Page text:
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Edith Macefield: Legend

Posted by Johnine Larsen on May 22, 2014
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Remember that scene from the Disney/Pixar movie Up? The beloved old man, pressured by developers to sell his home and move? He thwarts their plans with a few thousand helium balloons, and the story turns out happy.

Edith Macefield inspired that story. Edith Macefield of our very own Ballard, Washington.

She had lived in Ballard for fifty years, in a little house on Northwest 46th Street. The house had two bedrooms and two stories, built in 1900. But in 2006, commercial developers asked Edith to move. They were building a new block of concrete and commercial buildings, and they wanted the homeowners out.

800px-Edith_Macefield's_houseBut Edith didn’t want go. Her 106-year-old house was iconic. And besides, moving was too much work. The developers offered her $1 million for her little house, but she still refused.

“I don’t want to move. I don’t need the money,” she told the Seattle P-I. “Money doesn’t mean anything.”

So the developers built around her. They modified the plans so the commercial buildings still went up, but Edith’s property went untouched. As construction rumbled around her, Edith stayed at home.

“I went through World War II, the noise doesn’t bother me,” she said. “They’ll get it done someday.”

Five-story concrete walls rose around her, and Edith found herself sandwiched between an LA Fitness and a Trader Joe’s. But she stayed in her house until she died in 2008, at the age of 86.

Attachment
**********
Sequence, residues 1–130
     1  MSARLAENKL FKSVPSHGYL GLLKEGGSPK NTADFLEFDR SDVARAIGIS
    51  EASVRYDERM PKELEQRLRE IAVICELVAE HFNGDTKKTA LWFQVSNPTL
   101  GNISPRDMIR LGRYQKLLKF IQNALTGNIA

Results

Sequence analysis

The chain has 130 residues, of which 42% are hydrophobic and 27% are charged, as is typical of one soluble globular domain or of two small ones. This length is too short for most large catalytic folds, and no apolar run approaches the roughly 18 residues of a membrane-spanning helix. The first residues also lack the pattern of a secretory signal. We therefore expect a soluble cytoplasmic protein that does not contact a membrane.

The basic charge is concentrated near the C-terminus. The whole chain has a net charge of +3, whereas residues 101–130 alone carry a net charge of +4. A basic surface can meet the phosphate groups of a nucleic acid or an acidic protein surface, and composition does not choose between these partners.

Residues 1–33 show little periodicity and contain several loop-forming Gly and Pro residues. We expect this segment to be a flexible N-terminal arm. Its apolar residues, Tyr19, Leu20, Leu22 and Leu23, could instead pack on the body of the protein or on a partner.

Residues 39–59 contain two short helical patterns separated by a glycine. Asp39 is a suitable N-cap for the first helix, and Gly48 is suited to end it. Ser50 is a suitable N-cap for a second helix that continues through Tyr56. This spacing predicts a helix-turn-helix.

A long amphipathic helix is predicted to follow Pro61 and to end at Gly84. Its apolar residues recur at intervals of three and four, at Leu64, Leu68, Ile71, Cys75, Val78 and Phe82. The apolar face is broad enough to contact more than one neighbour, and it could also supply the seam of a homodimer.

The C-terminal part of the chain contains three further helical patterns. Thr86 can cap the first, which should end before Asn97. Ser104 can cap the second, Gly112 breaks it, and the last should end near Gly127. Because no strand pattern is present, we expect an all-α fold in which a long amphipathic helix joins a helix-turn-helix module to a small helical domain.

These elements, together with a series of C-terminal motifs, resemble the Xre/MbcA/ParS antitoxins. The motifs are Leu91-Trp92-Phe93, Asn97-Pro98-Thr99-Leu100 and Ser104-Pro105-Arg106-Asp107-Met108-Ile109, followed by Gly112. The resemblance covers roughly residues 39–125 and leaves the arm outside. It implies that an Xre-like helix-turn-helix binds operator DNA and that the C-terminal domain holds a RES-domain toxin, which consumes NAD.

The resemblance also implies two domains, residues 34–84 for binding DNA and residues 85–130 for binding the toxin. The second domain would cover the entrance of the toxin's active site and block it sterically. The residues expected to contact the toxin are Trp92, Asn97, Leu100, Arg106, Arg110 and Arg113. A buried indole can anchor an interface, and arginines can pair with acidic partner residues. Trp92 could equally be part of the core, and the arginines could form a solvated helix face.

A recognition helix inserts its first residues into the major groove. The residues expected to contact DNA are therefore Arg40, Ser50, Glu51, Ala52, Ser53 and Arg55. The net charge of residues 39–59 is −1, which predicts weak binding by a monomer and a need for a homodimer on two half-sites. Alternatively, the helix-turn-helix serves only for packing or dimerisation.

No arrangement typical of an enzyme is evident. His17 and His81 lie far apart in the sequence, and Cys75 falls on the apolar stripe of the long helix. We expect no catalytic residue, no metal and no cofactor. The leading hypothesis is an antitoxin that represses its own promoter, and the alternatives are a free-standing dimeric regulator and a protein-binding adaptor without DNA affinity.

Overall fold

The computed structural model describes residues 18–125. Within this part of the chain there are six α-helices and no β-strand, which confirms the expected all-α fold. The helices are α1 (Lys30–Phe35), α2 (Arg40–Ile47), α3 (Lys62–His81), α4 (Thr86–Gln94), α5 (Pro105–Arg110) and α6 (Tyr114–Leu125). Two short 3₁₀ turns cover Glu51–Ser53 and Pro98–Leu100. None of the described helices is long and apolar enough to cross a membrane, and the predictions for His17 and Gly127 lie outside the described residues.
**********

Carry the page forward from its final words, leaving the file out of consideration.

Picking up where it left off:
800px-Edith_Macefield's_House-2Edith’s house and legacy remain. Her story is rumored to have inspired the movie Up, and it’s a believable rumor, too. Disney tied hundreds of balloons to her house to promote the movie and honor Edith’s stubbornness. Many Seattle locals see her as a champion of “the little guy,” standing up to corporate America; a Ballard tattoo artist made a design based on her house, and so far, he’s inked that signed onto different ten people. A Macefield Music Festival also had its first annual iteration last October, “celebrating the steadfast attitude of the dearly departed Ms. Macefield.”

Edith Macefield showed the value of a home. Money didn’t matter to her—her home did. She had memories there, and she felt comfortable there. It was hers, and she wasn’t going to let any amount of money or pressure change that. As real estate agents, we respect that. We want all our clients to find that same sense of attachment.

Edith’s house isn’t the only holdout or “nail house,” although hers is one of the most famous. For examples of other homeowners who picked their property over wads of cash, check out this and this.